The financial burden of a college education

in News/SCSU News by

“College is like paying $40,000 to be punched in the face,” said Elizabeth Rudd.

One of the leading causes that determine whether or not a student will pursue college is cost.

It is no secret that college is expensive. Travis Mitchell of U.S. News said from 2000 to 2016, tuition for public institutions rose by approximately $6,000.

“There is a tuition rate that is determined by the state legislature that is usually agreed upon in May or June, before the semester starts in fall. There’s also different types of fees that each student does have to pay based on the number of credits they attend. Those fees are usually determined by the student fee committee along with the business office. They have some part in determining exactly what fees are placed on each student’s bill,” said Simon Bauer, assistant director of financial aid at St. Cloud State University.

When a student registers for courses, they can view their bill online. On it is a detailed list of itemized expenses. When we talk about the fees, we mainly talk about the services that are provided to students. So the health services, the athletic fees that allow students to use the recreation facilities for free or get them free into sporting events, the department of campus involvement, and all clubs and organizations that those fees pay for,” said Michael Coonen, assistant director of undergraduate admissions.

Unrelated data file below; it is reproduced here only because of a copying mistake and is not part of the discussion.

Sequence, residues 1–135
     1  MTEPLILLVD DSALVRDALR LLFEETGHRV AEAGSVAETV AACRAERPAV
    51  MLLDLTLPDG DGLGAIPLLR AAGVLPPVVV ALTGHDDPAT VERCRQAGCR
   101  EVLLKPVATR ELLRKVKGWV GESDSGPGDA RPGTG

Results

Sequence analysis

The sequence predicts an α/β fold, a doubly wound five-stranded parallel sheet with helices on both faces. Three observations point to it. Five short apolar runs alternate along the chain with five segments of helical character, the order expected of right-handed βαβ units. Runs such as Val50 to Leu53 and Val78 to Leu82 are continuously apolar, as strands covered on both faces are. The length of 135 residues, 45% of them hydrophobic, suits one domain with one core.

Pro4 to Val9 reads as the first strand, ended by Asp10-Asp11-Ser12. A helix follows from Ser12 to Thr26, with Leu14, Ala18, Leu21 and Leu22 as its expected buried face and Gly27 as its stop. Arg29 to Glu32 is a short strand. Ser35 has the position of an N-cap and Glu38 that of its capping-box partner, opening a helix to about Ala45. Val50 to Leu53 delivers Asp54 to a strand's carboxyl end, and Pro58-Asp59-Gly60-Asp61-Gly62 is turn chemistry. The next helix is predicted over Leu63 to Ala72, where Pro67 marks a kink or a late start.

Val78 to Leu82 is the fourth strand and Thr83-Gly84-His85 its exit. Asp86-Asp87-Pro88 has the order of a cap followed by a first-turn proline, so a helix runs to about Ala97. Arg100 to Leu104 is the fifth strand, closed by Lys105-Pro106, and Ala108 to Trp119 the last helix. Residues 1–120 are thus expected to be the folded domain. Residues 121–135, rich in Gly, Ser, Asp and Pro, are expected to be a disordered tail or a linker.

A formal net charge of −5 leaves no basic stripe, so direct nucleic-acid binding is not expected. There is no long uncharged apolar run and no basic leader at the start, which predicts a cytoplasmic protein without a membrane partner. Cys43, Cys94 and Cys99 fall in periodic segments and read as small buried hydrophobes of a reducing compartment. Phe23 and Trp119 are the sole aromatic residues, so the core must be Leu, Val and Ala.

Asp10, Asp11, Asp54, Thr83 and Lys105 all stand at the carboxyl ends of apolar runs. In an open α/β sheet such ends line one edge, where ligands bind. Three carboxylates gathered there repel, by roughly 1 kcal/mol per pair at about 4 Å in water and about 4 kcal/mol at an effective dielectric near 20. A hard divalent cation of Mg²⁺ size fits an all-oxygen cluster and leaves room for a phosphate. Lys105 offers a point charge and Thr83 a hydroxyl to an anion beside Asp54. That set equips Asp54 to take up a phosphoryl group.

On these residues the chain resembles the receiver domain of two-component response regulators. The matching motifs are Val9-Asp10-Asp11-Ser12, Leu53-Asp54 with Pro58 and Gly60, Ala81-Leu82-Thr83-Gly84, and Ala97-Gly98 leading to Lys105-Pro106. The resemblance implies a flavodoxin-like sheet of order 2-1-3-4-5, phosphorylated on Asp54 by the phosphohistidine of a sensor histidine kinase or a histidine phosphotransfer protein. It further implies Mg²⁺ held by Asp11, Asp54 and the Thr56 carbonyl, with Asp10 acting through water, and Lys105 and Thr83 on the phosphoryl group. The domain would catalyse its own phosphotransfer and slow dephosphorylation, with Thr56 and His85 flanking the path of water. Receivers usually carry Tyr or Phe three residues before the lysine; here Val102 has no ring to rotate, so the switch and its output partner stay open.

On a student’s bill, the different fees include: tuition, program-based activity, Minnesota State University Student Association fee, health services, athletics, facilities, student union, and technology. Offering these services for free is how some universities pull in potential undergraduates.

A majority of the fees that are on a student’s bill are based on how many credits they take per semester. “When we’re talking about cost per credit, we always quote a student around $260 a credit, or roughly $8,000 a year for tuition or fees, and that’s going to include, for the most part, all applicable fees,” Coonen said.

In order to afford the expense of college, more and more students rely heavily on different methods of financial aid. Many universities offer opportunities for incoming students to get assistance with budgeting and affording college.

Faculty highly suggests students fill out the Free Application for Federal Student Aid (FAFSA), which can be used to receive some type of aid. The Department of Financial Aid is also available to meet with incoming students to discuss their tuition and fees and what the best plan is for them individually.

“I didn’t understand the fees, tuition, or total cost of how much my school was. I didn’t even know when [payments were] due or how to access my account to view my bill. I had a fee for student housing and Tara Winchester in the financial aid office helped me get a grant to cover the expenses,” Ali Ruber said.

With schools such as our own University exerting more effort in communicating costs and budgeting with potential and current students, the possibility of obtaining a degree is becoming less of a financial burden and more of a reality.

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